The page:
    1 x ATP (by substrate level phosphorylation)

7.1.5 Explain oxidative phosphorylation in terms of chemiosmosis.
Cross reference with 7.2.4. The synthesis of ATP is coupled to electron transport and the movement of protons (H+ ions)—
the chemiosmotic theory. Briefly, the electron transport carriers are strategically arranged over the inner membrane of the
mitochondrion. As they oxidize NADH + H+ and FADH2, energy from this process forces protons to move, against the
concentration gradient, from the mitochondrial matrix to the space between the two membranes (using proton pumps).
Eventually the H+ ions flow back into the matrix through protein channels in the ATP synthetase molecules in the
membrane. As the ions flow down the gradient, energy is released and ATP is made.
7.1.6 Explain the relationship between the structure of the mitochondrion and its function.
Limit this to cristae forming a large surface area for the electron transport chain, the small space between inner and outer
membranes for accumulation of protons and the fluid matrix containing enzymes of the Krebs cycle.
7.1.7 Describe the central role of acetyl CoA in carbohydrate and fat metabolism.
Acetyl CoA is an intermediate in carbohydrate (glucose) metabolism. In lipid metabolism the oxidation of the fatty acid
chains results in the formation of two-carbon atom (acetyl) fragments which then pass through the Krebs cycle.
7.2    Photosynthesis
7.2.1 Draw the structure of a chloroplast as seen in electron micrographs.
7.2.2 State that photosynthesis consists of light-dependent and light-independent reactions.
Not ―light‖ and ―dark‖ reactions.
7.2.3 Explain the light-dependent reactions.
Include the photoactivation of photosystem II, photolysis of water, electron transport, cyclic and non-cyclic
photophosphorylation, photoactivation of photosystem I and reduction of NADP+.
7.2.4 Explain photophosphorylation in terms of chemiosmosis.
Electron transport causes the pumping of protons to the inside of the thylakoids. They accumulate (pH drops) and
eventually move out to the stroma through protein channels in the ATP synthetase enzymes. This provides energy for ATP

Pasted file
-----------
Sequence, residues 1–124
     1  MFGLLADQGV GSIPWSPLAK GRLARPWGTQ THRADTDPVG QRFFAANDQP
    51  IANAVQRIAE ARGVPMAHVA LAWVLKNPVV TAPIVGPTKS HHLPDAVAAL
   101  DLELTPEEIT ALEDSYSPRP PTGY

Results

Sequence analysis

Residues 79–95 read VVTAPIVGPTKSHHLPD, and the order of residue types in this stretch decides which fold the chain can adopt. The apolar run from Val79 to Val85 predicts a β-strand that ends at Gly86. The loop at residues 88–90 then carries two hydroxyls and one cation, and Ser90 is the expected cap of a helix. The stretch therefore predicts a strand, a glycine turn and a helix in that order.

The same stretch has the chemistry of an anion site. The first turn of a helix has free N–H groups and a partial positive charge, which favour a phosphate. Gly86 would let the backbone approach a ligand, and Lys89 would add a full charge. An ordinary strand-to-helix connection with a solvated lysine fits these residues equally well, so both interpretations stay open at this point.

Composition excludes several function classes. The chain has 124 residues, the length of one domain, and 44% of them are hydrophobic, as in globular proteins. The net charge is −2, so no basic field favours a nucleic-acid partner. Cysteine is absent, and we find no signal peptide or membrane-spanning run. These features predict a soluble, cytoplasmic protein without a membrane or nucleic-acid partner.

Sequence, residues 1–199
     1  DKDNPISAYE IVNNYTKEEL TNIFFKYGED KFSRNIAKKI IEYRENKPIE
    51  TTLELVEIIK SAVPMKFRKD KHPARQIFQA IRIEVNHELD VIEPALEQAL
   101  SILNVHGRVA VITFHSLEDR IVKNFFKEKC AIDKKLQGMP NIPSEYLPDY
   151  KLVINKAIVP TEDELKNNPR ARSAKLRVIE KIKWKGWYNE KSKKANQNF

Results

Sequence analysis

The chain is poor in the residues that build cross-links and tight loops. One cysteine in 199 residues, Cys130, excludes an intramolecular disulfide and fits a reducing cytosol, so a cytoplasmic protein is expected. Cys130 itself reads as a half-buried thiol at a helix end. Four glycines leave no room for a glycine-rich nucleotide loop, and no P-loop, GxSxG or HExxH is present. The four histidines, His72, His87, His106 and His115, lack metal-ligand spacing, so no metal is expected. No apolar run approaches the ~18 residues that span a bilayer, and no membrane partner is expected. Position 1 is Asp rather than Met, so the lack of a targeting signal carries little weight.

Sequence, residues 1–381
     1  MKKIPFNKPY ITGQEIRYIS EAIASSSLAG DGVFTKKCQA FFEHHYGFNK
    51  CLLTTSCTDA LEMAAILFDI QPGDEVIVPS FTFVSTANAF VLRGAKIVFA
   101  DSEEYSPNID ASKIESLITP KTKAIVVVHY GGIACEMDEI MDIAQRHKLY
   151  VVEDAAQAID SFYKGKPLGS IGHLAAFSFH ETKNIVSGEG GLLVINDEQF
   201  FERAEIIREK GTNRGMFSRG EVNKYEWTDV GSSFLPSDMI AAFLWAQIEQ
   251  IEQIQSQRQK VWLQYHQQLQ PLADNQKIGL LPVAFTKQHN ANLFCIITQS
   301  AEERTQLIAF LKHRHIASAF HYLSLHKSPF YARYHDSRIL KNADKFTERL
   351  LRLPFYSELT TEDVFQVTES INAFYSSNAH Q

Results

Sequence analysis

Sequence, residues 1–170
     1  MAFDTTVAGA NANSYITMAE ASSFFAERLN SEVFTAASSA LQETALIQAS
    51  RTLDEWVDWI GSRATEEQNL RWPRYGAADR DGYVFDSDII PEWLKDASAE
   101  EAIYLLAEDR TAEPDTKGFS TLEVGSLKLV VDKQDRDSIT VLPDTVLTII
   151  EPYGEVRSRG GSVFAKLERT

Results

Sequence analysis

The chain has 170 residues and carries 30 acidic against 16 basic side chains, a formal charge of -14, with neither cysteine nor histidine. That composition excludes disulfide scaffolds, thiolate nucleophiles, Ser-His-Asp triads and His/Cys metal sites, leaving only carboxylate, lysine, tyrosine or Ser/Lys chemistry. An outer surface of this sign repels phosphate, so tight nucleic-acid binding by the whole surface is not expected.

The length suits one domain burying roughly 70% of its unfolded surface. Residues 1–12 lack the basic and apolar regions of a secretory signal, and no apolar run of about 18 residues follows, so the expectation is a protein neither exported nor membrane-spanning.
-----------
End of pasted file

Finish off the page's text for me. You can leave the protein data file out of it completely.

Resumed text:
synthesis. Cross reference 7.1.5.
7.2.5 Explain the light-independent reactions.
Include the roles of ribulose bisphosphate (RuBP) carboxylase, reduction of glycerate 3-phosphate (GP) to triose phosphate
(TP), NADPH + H+, ATP, regeneration of RuBP and synthesis of carbohydrate.
7.2.6 Explain the relationship between the structure of the chloroplast and its function.
Limit this to the large surface area of thylakoids for light absorption, the small space inside thylakoids for accumulation of
protons and the fluid stroma for the enzymes of the Calvin cycle.
7.2.7 Draw the action spectrum of photosynthesis.
7.2.8 Explain the relationship between the action spectrum and the absorption spectrum of photosynthesis pigments in green plants.
A separate spectrum for each pigment (chlorophyll a, chlorophyll b, etc) is not required.
7.2.9 Explain the concept of limiting factors with reference to light intensity, temperature and concentration of carbon dioxide.
Topic 8: Genetics
8.1   Meiosis
8.1.1 Describe the behaviour of the chromosomes in the phases of meiosis.
Students will be expected to know the names of the phases. The subdivisions of prophase I will not be required.
8.1.2 Outline the process of crossing over and the formation of chiasmata.
Cross reference with 8.3.2.
8.1.3 Explain how meiosis results in an effectively infinite genetic variety in gametes through crossing over in prophase I and
random orientation in metaphase I.
Cross reference with 3.2.4. The number of different types of gamete produced is 2n (where n = haploid number).
8.1.4 Define recombination.
Recombination—the reassortment of genes or characters into different combinations from those of the parents.
Recombination occurs for linked genes by crossing over and, for unlinked genes, by chromosome assortment.
8.1.5 State Mendel’s law of independent assortment.
8.1.6 Explain the relationship between Mendel’s law of independent assortment and meiosis.
8.2   Dihybrid Crosses
8.2.1 Calculate and predict the genotypic and phenotypic ratios of offspring of dihybrid crosses involving unlinked autosomal
genes.
8.2.2 Identify which of the offspring in dihybrid crosses are recombinants.